Study: Vitamin D is your brain’s keeper

A recent longitudinal study suggests that seniors with vitamin D deficiency may experience cognitive decline and impairment faster than those with sufficient levels of vitamin D.

“We were not particularly surprised by our findings because there is a recent and growing literature on the associations between vitamin D status and risk of Alzheimer’s disease/dementia, cognitive decline, and brain atrophy,” Dr. Joshua W. Miller from Rutgers University told Reuters Health.

The study, conducted by a team of researchers from Davis’ Alzheimer’s Disease Center at the University of California, analyzed changes in memory and thinking ability in 318 adults over the span of five years.

Participants were an average age of 76 years who were either cognitively normal, had mild cognitive impairment, or dementia. One hundred and fifty-eight Caucasians, 113 African Americans, and 96 Hispanics participated.

Researchers collected data on the individuals’ blood levels of 25-hydroxyvitamin D (25-OHD), which is the form generated when the body converts vitamin D made in response to sunlight and consumed in vitamin D-rich foods.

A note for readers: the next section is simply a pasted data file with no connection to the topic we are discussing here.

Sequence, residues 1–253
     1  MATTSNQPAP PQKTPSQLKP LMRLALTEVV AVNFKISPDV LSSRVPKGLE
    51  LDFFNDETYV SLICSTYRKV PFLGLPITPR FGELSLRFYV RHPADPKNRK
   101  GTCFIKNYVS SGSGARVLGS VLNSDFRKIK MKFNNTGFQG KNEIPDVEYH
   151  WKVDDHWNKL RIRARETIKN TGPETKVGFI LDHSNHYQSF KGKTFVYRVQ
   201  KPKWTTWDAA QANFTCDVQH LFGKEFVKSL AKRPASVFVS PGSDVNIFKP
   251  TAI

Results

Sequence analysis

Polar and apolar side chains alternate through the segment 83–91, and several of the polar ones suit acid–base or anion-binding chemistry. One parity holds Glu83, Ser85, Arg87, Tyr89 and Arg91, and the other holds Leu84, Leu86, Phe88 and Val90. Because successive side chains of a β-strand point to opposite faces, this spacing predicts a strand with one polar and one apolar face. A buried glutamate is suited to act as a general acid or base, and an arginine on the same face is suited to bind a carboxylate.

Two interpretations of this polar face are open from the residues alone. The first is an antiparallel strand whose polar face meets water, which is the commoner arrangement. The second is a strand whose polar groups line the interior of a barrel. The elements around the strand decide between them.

Currently, guidelines advise that adequate levels are in the range of 20 nanograms per milliliter of serum to 50 ng/mL.

The analysis reveals that older adults with low levels of vitamin D experienced cognitive decline at rates two to three times faster than those with adequate serum vitamin D levels. It took only two years for the deficient individuals to decline as much as their counterparts with sufficient levels did over the course of five years.

“We expected to see declines in individuals with low vitamin D status,” says Charles DeCarli, director of the Alzheimer’s Disease Center, in a statement reported by University Herald. “What was unexpected was how profoundly and rapidly [low vitamin D] impacts cognition.”

Researchers also found that African-Americans and Latinos had a higher risk of accelerated cognitive decline because they have higher concentrations of melanin. This makes their skin darker, but also inhibits the ability to synthesize vitamin D.

The recent study found that vitamin D deficiency and insufficiency were prevalent among all participants. Overall, 26 percent of participants were deficient and 35 percent were insufficient.

A study published in Nutrition Journal found that 42 percent of U.S. adults have a deficiency in the vitamin.

Vitamin D deficiency has been shown to play a role in many almost every major disease, including osteoporosis, heart disease, high blood pressure, gout, autoimmune diseases, Parkinson’s Disease, and fibromyalgia.

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